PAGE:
In this paper we model CVA for European options under Bates model with stochastic default intensity which presents several attractive features.

Firstly, Bates model is a stochastic jump diffusion model. Jump diffusion are capable of modeling large and sudden changes in the state variable [12] . Default and risk factors are correlated through jump. It is intuitive and realistic [11] . Secondly, under the Monte Carlo framework, by modeling a stochastic intensity model, default and risk factors can be easily connected through correlations from Brownian motion. Default and risk factors are then further correlated through correlation parameter. It is very easy to implement. Thirdly, option values in the model are computed by finite difference method of the corresponding PIDE. Both Heston model and jump diffusion models are actually nested by Bates model. It is flexible.

We develop a PDE based Monte Carol framework for pricing CVA and assess exposure profile. The framework contains essentially three steps: risk factor simulation, independent exposure estimation and WWR incorporation. Monte Carlo method is used to generate asset paths from initial time to maturity. Along the paths, independent option values are determined at each time grid by PDE method. WWR is then formulated by introducing a kind of model-to market survival rate change ratio. Under this framework, CVA for both single trade and portfolios can be treated.

This paper contributes as follows: first we expand Bates model by modeling the intensity of jump to default with the stochastic process, i.e., the CIR++ process which provides a natural and effective framework to handle the correlation between the underlying asset and the default, evaluate the impact on exposure and CVA and assess WWR; second we develop an efficient PDE based Monte Carlo framework for pricing CVA and assessing exposure profile under Bates model with stochastic intensity of the jump to default which combines advantages of Monte Carlo simulation (such as path-wise pricing, and properly netting and collateral modeling) and efficiency of PDE pricing. Our framework can be used for both single trade and portfolios; with the developed efficient framework, our results show that both jump and WWR play an important role in evaluating CVA and exposures. The impact is significant and it is crucial for risk management purpose.

The outline of the paper is as follows. In Section 2, we describe CVA valuation problem in general terms. Section 3 describes the stochastic intensity model and underlying asset driven process. In Section 4, we present the general framework for CVA pricing based on Monte Carlo and PDE method. In Section 5, we present test results. Conclusion is summarized in Section 6.

2. Preliminary

2.1. CVA, EE and PFE

Counterparty risk is very similar to other forms of credit risk in that the economic loss is obligor’s default. There are two features that set counterparty risk different from more traditional forms of credit risk: the uncertainty of exposure and the bilateral nature of credit risk [13] . In the following, we will review the definition of credit exposure and CVA.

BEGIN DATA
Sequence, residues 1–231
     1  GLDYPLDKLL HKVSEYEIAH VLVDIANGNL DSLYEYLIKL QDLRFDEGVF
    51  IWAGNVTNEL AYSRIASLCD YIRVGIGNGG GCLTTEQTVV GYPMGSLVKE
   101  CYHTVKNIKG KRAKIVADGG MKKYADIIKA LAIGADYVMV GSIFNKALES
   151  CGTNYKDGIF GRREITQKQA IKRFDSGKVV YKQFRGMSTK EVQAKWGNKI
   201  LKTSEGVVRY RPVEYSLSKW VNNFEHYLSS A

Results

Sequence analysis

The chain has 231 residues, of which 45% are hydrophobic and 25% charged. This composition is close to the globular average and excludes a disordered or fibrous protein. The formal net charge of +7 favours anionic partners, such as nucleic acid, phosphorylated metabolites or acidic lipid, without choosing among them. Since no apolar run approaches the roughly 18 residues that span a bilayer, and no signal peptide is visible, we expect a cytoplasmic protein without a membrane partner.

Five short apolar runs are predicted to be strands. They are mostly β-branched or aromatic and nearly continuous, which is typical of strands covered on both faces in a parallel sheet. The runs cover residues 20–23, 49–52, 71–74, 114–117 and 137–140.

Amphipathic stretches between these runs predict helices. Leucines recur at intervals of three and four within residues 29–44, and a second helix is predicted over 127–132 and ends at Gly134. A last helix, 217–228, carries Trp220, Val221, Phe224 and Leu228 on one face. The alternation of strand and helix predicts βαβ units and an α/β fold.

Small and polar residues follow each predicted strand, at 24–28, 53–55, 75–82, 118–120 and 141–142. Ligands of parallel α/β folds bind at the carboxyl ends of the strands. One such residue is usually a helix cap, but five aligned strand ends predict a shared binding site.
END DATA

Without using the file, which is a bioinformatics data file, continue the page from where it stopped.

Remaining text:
In the event that a counterparty has defaulted, an institution may close out the relevant contracts and cease any future payments. Following this, they may determine the net amount owing between them and their counterparty. If the net amount is negative, the institution is in debt to its counterparty and is still legally obliged to settle this amount. Hence, from a valuation’s perspective, the position appears essentially unchanged. The institution does not gain or loss from the counterparty’s default. If the net amount is positive, the institution will have a claim on the positive value at the time of default [3] . Thus the credit exposure of an institution that has a trade level contract with a counterparty is given by

$E\left(t\right)=\mathrm{max}\left\{{U}_{t},0\right\},$ (1)

where ${U}_{t}$ is the portfolio’s market value at $t$ . Uncertain future exposure can be visualized by means of exposure profiles. This leads to the definition of expected exposure. Assume that all the stochastic processes considered are defined on the probability space $\left(\Omega ,{\mathcal{F}}_{t},Q\right)$ , where $Q$ is the risk neutral measure and ${\mathcal{F}}_{t}$ is the filtration up to time $t$ . Expected exposure (EE) at a future time is given by:

$EE\left(t\right)=E\left\{{U}_{\text{t}}^{+}|{\mathcal{F}}_{0}\right\},$ (2)

where ${U}_{t}^{+}=\mathrm{max}\left({U}_{t},0\right)$ and $E$ denotes the expectation under the risk-neu- tral measure $Q$ .

Potential future exposure (PFE) is the maximum loss due to counterparty default with a given confidence level. It is the quantile of the exposure at a certain level and is used to measure the “worst” loss for the risk management purpose. The mathematical definition is given by:

$PFE\left(t\right)=\mathrm{inf}\left\{x|Q\left({U}_{t}<x|{\mathcal{F}}_{0}\right)>\alpha \right\}$ (3)

where $\alpha $ is the confidence level. For calculating PFE, $\alpha =97.5\%$ is commonly used to measure the worst losses.